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Formula 1 Returns to Japan for the First Time Since 2019, Is Red Bull Racing Unstoppable?
It's that time of the year when excitement mixes with sadness for motorsports fans. On one hand, we're about to find out who the 2022 Formula 1 champion is going to be. But then again, that also means that the off-season will be starting soon. And that means we'll have to settle with looking at replays for a few months. But then again, food tastes a lot better when you're hungry.

Formula 1 Returns to Japan for the First Time Since 2019, Is Red Bull Racing Unstoppable?

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The Japanese Grand Prix has been part of the Formula 1 calendar since 1976. F1 had an event at Fuji Speedway in both 1976 and 1977 before moving to Suzuka in 1987 after a decade-long hiatus.

Drivers in the modern era would get to race at Fuji again in 2007 and 2008, but since 2009 Suzuka Circuit has been the go-to circuit for F1 in Japan. Looking at the history of this event, we noticed that Mario Andretti won the debut race in 1976. And that was the first and last time an American driver would reach that performance.

Even after all these years, Michael Schumacher is still the most successful F1 driver when it comes to this event: he has scored six victories here between 1995 to 2004. Lewis Hamilton is second with five wins, while Sebastian Vettel is third with a total of four.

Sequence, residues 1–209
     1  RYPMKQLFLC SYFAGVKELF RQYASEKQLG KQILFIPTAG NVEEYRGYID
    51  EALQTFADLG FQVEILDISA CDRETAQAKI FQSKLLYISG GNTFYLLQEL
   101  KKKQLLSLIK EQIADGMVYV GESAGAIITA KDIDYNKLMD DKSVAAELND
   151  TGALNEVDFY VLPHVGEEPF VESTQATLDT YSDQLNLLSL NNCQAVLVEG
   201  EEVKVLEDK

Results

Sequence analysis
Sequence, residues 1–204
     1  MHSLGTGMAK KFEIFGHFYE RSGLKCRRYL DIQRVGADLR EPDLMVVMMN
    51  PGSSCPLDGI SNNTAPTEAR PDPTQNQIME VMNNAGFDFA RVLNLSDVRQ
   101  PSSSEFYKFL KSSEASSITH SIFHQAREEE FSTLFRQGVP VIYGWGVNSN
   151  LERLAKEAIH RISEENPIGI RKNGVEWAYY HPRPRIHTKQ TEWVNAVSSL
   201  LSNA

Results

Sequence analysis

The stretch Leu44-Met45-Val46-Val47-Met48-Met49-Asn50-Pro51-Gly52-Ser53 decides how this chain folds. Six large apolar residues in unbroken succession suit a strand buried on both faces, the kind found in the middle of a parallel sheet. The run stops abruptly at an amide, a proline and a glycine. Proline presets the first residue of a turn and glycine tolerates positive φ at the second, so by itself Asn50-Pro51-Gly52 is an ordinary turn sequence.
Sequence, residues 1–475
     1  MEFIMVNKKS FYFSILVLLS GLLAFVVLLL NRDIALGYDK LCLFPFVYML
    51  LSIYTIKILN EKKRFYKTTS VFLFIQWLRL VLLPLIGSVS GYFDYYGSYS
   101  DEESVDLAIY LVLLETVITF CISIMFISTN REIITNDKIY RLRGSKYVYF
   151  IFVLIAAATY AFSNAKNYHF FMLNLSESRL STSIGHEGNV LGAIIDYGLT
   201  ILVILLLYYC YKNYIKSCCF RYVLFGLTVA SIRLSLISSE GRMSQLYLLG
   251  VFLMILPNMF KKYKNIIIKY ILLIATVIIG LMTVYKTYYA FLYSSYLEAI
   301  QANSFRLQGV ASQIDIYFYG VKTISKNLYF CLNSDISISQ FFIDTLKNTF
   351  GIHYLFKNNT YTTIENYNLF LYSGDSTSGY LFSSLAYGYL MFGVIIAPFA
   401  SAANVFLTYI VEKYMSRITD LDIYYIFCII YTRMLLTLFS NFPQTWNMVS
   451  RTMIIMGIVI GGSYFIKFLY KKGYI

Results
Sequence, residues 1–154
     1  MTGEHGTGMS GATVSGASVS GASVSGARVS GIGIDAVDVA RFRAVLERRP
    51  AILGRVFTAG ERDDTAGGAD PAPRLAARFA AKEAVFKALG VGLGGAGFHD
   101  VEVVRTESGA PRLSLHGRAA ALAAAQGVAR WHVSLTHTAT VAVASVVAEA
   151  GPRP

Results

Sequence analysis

You also have to give credit to Fernando Alonso for getting on top of the podium twice in Japan, in 2006 and 2008. As Valtteri Bottas won the 2019 round, that means that only four of the drivers competing this weekend have ever won the Japanese Grand Prix.

It's interesting to note that Max Verstappen has yet to be successful here, although he was on the podium in both 2016 and 2018. Even so, he is inches away from winning the 2022 World Champion for the second time in a row.

He is currently 104 points in front of Charles Leclerc and Ferrari, with just five races to go before the season is over. So, even though it would take a miracle for Leclerc to win his first F1 Title, the battle for P2 and P3 is still as exciting as ever.

Sergio Perez won the Singapore GP, and so he's now just two points behind the Monegasque driver. But we could still witness a spark of brilliance coming from either George Russell or Carlos Sainz in this last part of the year, as they are neck-and-neck at a little over 200 points.

Looking at the Suzuka layout, the 3.608 miles (5.807 km) circuit is comprised of a total of 18 corners. One of these is the famous 130R, and drivers will be going through it at speeds of about 177 mph (285 kph) - one of F1's quickest corners. We have included a video of a virtual lap for you to get a better feel of the track and the speed it entices. 

Lewis Hamilton still holds the track record since 2019, when he set a fast lap of 1:30.983. It will certainly be interesting to see if this year's F1 machines can go faster than that. As always, teams will be going through two practice sessions on Friday. Then, one last chance to set up the car during the first part of Saturday, and qualifying will be up next.

The main event is live on Sunday at 2 PM GMT+9 (10 PM PT). Let's just hope it won't rain again, as that would slow everyone down once again. Drivers will have to complete 53 laps before finishing the race, which means they will be racing for a total distance of 191.053 miles (307.471 km). May the best man win!



 
 
 
 
 

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